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Trump Candidates Vs. McConnell Candidates

Mitch McConnell and his allies ready to jump into any GOP primary they think needs guidance sets up an interesting dynamic heading into 2022 for Republicans.

By all accounts, former President Donald Trump is the head of the party, and an endorsement from him will be sought by most candidates seeking office. 

So far, the SLF has endorsed one candidate on the opposite side of Trump: Sen. Lisa Murkowski (R-AK).

Murkowski, who voted to convict Trump in his second impeachment, has picked up a primary challenger – though Trump has not yet endorsed in that race.

Will McConnell try to woo candidates with cash? Probably so, but as  Trump’s popularity shows no signs of letting up, PACs that are associated with him are raising record amounts of cash.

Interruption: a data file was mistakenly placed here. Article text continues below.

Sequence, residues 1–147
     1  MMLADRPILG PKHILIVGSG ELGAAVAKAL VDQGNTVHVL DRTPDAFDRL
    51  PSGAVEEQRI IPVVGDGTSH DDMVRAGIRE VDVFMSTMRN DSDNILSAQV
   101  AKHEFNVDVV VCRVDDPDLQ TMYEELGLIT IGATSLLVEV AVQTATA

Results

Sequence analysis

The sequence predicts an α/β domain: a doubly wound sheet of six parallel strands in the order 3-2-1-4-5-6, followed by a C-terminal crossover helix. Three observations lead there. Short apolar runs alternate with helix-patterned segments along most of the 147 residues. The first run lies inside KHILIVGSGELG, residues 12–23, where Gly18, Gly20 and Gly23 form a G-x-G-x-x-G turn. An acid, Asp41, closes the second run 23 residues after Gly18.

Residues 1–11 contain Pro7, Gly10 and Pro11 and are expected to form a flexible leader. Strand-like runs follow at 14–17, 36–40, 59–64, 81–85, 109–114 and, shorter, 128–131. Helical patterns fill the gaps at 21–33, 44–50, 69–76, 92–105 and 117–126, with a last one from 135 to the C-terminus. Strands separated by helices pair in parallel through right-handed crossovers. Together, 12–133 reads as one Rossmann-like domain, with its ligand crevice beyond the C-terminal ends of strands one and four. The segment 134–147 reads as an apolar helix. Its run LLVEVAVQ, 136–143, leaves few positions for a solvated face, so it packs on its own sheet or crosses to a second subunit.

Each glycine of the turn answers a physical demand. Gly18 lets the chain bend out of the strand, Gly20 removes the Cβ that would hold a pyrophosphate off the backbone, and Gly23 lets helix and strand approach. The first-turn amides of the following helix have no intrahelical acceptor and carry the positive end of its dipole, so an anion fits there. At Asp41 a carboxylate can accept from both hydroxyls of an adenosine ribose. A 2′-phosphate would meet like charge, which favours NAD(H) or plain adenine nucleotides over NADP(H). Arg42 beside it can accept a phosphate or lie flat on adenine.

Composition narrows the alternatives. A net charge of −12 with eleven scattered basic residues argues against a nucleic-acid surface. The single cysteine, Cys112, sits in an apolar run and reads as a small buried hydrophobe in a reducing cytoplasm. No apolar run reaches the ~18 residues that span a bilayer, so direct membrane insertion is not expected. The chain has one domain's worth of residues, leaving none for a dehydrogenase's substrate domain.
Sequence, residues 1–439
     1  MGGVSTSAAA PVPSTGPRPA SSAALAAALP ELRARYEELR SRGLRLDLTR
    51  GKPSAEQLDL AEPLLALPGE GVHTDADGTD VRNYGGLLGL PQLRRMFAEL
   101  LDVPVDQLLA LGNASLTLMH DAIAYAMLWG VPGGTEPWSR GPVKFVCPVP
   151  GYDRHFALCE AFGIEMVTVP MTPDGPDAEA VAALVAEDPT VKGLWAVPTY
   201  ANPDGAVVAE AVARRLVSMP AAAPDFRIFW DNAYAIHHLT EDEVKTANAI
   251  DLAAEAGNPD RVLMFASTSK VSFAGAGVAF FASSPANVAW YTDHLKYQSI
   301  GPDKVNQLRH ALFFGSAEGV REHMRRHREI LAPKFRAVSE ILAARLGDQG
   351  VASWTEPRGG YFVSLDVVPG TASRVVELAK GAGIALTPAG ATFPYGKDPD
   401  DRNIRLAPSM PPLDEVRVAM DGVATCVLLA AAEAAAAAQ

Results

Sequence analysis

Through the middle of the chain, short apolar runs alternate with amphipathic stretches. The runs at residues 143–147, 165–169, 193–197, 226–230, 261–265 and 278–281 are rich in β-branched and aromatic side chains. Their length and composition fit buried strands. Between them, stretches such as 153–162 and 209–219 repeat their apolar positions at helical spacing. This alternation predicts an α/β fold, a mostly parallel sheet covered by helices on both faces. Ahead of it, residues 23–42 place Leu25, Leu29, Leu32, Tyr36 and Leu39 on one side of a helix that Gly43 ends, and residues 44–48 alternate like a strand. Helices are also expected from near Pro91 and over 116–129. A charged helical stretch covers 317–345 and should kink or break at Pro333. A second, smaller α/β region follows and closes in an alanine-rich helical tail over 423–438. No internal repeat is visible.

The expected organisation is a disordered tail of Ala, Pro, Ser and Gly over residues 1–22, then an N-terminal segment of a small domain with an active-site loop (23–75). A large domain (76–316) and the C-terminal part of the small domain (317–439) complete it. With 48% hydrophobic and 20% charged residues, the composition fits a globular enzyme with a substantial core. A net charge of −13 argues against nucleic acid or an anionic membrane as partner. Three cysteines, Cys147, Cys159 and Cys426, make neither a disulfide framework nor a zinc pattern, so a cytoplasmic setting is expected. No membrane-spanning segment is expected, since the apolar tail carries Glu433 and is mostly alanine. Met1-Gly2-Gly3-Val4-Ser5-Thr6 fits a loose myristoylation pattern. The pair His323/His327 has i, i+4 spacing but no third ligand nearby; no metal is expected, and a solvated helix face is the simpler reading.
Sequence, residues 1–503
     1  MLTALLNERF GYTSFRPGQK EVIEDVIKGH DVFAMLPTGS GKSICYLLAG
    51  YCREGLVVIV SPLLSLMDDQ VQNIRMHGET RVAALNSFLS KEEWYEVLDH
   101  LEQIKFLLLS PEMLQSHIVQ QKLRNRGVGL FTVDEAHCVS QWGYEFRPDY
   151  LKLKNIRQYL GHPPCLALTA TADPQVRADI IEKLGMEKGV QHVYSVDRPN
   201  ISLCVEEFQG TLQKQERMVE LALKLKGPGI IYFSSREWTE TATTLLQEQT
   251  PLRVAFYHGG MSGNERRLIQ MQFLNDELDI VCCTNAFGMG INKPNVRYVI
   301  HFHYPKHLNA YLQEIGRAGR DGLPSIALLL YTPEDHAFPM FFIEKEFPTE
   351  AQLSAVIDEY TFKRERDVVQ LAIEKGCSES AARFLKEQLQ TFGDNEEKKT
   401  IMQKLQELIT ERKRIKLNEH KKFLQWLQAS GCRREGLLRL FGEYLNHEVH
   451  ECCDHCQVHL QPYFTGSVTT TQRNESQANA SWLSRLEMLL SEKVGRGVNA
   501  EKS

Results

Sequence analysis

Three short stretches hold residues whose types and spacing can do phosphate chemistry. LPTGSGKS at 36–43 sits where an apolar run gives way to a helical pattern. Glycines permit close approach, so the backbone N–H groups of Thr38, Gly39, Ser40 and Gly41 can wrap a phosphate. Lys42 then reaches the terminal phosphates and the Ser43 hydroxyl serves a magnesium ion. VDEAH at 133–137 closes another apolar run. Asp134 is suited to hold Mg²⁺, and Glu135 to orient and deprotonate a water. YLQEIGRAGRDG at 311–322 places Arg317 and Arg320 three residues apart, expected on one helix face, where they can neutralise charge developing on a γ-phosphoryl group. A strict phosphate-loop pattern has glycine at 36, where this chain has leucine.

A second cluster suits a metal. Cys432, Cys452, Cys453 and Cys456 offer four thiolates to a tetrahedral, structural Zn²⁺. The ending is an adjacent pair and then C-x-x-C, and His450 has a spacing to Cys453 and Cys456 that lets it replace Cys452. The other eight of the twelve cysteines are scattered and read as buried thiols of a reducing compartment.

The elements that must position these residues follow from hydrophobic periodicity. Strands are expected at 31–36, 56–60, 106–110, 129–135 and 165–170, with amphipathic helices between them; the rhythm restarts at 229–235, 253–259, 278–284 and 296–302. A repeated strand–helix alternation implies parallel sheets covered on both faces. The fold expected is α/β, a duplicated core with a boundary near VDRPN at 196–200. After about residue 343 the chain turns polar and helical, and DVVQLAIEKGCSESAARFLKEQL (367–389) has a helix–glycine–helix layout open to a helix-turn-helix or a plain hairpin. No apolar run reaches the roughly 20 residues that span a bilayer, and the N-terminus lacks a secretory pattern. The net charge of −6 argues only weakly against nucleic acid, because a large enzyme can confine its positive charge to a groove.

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Will McConnell/SLF Candidates Water Down The GOP?

Back in February, McConnell stated that the thing he cared about the most was “electability.” Americans who want to elect Republicans are also concerned with electability, but at what cost? 

Is it possible that, if McConnell and his friends intervene in enough GOP primaries, would Trump supporters smell a rat, and be suspicious of McConnell of watering down the party until it is full of John McCains and Mitt Romneys?

Just more establishment RINOs who will cave to every liberal Democrat demand?